Let’s say you're ten years from retirement and are an aggressive investor. You’re looking at about a 30-year total span of time. About ten more years of work and then 20 years of retirement. We can break this down into six-, five-year chunks.
Some of your money will be used in ten to 15 years. Stocks had positive returns 94% of the time. So, some allocation to stocks seems appropriate. However, a positive return from stocks isn’t guaranteed so some money in bonds and cash is also sound. The next five-year chunk is about 15 to 20 years from now. Not quite long enough to make stocks a no-brainer. For investors that are more aggressive, we wouldn’t argue with all stocks for this allocation. For investors that are more conservative, keeping some money in bonds would still be wise. For the rest of the portfolio that won’t be touched for 20 or more years, there is not much of a financial argument for bonds or cash. If your personal risk tolerance is low, then of course that changes things, but assuming you can handle the fluctuations of the stock market, stocks make economic sense for this portion of the portfolio.
You end up with a portfolio that might be 50% stocks and 50% bonds for the first chunk, 30% bonds and 70% stocks for the second chunk, and all stocks for the last chunks. This would give you a blended asset allocation of about 13% bonds and 87% stocks. Keep in mind this is for a very aggressive investor. This is essentially as aggressive a portfolio as you would want to have given your retirement time line. Many investors will be more conservative and want to back off this allocation. But even given that we can see just how far away it is from Vanguard target allocation. At ten years from retirement, Vanguard is allocating approximately 30% to bonds in their funds.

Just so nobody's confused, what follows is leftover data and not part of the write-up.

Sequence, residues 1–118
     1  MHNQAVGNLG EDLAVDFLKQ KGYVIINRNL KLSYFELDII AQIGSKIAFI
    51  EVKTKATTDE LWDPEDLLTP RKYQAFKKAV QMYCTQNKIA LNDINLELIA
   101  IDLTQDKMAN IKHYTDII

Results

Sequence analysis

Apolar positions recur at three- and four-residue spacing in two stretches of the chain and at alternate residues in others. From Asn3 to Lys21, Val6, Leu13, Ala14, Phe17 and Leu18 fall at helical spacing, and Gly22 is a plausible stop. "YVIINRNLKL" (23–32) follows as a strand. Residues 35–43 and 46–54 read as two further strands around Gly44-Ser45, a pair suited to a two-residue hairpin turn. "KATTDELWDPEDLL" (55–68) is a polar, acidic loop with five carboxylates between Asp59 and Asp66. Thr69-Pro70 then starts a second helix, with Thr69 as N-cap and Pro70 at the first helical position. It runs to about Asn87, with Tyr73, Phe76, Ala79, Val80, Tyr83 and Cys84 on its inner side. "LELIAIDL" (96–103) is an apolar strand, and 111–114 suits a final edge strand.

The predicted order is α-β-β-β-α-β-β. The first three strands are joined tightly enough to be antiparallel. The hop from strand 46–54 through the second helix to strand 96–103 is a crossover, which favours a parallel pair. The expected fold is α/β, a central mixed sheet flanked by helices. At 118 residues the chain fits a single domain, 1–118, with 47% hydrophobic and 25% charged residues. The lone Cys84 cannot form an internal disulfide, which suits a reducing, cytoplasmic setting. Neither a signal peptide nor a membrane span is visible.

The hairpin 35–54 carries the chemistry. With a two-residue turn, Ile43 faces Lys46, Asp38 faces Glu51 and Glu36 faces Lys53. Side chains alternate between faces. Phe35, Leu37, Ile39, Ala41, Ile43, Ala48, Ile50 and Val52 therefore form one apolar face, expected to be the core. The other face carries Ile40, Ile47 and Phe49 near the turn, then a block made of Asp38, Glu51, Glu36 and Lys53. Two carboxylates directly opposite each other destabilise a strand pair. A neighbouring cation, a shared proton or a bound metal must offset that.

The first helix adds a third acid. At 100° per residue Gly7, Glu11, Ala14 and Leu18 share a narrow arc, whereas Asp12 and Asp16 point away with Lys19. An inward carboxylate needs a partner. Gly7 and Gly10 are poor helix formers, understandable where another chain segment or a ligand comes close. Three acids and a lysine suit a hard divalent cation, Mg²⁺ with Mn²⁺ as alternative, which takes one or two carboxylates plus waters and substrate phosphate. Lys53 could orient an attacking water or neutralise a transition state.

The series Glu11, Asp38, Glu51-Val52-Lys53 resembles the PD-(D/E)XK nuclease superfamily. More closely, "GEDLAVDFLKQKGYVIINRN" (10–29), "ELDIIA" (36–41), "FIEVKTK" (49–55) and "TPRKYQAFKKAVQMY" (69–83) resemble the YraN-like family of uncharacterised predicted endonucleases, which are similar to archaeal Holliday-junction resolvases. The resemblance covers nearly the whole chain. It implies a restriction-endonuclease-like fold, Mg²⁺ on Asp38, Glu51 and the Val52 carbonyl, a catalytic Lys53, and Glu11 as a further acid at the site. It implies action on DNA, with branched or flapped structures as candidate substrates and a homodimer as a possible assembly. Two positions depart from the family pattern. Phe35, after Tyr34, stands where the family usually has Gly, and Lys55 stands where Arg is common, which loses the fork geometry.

In general, the conventional wisdom regarding asset allocation near or in retirement seems to ignore the fact that large portions of investors' money won’t be touched for many years. With that fact in mind, more aggressive asset allocations can be a good fit for more aggressive investors. Asset allocation is a highly personalized thing that depends on many variables so it’s impossible for Vanguard to make a one size fits all target retirement fund. Our point isn’t that Vanguard is bad or “wrong” just that the drumbeat of “you must include lots of bonds and cash when you get close to retirement” isn’t supported by historical return data. Instead, investors should feel free to include more stocks than is usually recommended in generic allocations if it’s a good fit for them personally.
Disclosure: I/we have no positions in any stocks mentioned, and no plans to initiate any positions within the next 72 hours.
I wrote this article myself, and it expresses my own opinions. I am not receiving compensation for it (other than from Seeking Alpha). I have no business relationship with any company whose stock is mentioned in this article.
Additional disclosure: We frequently include Vanguard target date funds in 401(k) accounts we advise.